LiVES development began in late 2002. The author was inspired to start creating a new video editing application after purchasing a new photo camera. In addition to taking photos, the camera was able to record small clips of video; however for technological reasons, the video clips were limited to a duration of just ten seconds. As well as the limitation in duration, the clips were recorded without audio because of a lack of microphone on the camera. The author decided that a means to increase the usefulness of the camera would be to use a program to join together several of these ten second segments of video, and to add in some audio – perhaps music or a commentary. Finally he hoped to be able to encode the finished result. However there was a problem – the author was committed to using only Linux, and at that time none of the applications available for that operating system could import the camera’s format. On the other hand, the author was able to use a different program to actually play the video clips on Linux, although not to edit them. Since the player program was able to output the frames as a sequence of images, the author had the idea of making a simple editor to play the images in sequence and to edit the images, then to add sound, and then to encode. Thus LiVES was born.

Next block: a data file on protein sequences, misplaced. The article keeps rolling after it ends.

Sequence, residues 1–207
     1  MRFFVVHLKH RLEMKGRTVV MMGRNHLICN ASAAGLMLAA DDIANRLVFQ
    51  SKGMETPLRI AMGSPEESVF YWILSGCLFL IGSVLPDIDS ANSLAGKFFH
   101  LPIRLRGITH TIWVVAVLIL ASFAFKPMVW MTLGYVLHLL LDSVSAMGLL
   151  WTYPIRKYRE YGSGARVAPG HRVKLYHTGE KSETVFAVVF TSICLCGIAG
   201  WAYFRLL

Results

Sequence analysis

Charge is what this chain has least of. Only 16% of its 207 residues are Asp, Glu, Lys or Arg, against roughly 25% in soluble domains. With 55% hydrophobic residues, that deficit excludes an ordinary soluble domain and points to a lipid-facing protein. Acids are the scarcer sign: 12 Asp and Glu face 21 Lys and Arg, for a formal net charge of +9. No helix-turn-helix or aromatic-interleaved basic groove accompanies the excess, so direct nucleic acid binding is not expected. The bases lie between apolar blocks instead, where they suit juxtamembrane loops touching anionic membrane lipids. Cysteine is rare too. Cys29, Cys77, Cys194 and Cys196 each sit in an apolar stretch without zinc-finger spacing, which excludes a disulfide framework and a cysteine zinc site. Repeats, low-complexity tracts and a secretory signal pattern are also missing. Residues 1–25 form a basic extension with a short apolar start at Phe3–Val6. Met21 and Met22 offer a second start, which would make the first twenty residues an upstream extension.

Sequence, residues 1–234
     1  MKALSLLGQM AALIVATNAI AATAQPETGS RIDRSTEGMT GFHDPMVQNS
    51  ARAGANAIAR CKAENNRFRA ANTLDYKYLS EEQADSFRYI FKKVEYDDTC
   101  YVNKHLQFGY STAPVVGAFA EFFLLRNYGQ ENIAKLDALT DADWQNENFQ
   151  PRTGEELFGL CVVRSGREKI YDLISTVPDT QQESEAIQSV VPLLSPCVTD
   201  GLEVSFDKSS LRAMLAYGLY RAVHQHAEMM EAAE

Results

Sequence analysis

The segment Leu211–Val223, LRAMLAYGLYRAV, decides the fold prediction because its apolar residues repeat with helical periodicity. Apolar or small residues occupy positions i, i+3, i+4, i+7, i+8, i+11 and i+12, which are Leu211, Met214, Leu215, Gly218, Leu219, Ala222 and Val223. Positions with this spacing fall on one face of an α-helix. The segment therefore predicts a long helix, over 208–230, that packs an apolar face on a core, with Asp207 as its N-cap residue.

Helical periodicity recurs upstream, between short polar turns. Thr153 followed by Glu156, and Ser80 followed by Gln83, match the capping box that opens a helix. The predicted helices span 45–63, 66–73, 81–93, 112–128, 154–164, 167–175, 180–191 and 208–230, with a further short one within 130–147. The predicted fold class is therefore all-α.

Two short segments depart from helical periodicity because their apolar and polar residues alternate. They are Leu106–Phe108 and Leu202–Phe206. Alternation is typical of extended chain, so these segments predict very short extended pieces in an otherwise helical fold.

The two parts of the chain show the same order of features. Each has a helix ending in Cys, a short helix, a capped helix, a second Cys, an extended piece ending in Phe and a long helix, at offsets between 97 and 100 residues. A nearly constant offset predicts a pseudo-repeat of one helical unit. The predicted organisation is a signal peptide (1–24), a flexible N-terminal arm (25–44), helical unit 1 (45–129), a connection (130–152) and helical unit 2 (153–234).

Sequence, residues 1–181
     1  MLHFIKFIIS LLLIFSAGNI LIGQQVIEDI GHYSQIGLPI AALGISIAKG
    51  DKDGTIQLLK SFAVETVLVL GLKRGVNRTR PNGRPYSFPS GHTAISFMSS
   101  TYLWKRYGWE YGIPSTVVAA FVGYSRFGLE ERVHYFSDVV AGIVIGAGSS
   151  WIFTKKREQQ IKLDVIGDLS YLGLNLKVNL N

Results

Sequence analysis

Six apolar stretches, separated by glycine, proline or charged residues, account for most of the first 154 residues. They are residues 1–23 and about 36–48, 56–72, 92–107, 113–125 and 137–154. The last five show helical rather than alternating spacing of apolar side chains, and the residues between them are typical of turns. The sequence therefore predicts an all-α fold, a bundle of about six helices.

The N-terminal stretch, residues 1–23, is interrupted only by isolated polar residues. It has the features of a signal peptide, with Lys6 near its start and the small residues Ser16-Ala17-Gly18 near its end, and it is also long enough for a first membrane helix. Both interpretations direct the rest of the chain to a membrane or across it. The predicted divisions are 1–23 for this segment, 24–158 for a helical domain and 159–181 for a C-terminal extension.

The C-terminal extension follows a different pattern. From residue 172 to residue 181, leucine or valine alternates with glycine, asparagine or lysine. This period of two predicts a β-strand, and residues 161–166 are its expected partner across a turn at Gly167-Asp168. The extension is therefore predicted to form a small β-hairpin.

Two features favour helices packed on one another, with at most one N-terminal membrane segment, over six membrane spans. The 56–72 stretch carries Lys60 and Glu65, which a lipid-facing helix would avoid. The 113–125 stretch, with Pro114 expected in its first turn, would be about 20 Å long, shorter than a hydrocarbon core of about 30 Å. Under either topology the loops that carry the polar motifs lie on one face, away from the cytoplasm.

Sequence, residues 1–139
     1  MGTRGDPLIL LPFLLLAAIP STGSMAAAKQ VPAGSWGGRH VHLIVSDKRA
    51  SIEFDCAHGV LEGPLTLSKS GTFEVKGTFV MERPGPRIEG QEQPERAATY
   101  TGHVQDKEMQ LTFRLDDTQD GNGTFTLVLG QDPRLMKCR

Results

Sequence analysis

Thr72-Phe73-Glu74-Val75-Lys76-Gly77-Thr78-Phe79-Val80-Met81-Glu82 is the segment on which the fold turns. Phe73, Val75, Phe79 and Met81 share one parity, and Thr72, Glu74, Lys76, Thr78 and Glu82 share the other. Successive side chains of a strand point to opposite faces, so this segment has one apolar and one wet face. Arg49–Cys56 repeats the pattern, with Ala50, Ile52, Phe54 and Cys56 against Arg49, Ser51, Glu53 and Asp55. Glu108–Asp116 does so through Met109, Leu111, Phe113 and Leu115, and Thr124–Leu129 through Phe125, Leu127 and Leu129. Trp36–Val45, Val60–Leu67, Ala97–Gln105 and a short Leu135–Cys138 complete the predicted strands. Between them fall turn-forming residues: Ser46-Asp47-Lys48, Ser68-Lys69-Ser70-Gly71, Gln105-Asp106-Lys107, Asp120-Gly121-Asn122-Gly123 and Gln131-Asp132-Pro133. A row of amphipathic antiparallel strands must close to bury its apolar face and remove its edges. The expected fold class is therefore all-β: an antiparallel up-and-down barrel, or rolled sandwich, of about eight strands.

Researchers: Gabriel Finch (Salsaman), Giordano Cabral